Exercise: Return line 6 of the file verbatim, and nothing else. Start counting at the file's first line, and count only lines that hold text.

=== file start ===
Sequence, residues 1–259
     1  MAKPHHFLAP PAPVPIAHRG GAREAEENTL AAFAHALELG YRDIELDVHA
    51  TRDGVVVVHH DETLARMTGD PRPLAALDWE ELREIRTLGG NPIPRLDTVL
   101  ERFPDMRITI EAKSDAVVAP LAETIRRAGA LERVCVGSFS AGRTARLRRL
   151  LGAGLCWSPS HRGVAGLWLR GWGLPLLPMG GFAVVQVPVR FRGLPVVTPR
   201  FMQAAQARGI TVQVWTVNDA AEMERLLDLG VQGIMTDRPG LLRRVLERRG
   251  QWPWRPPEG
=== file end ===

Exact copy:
   201  FMQAAQARGI TVQVWTVNDA AEMERLLDLG VQGIMTDRPG LLRRVLERRG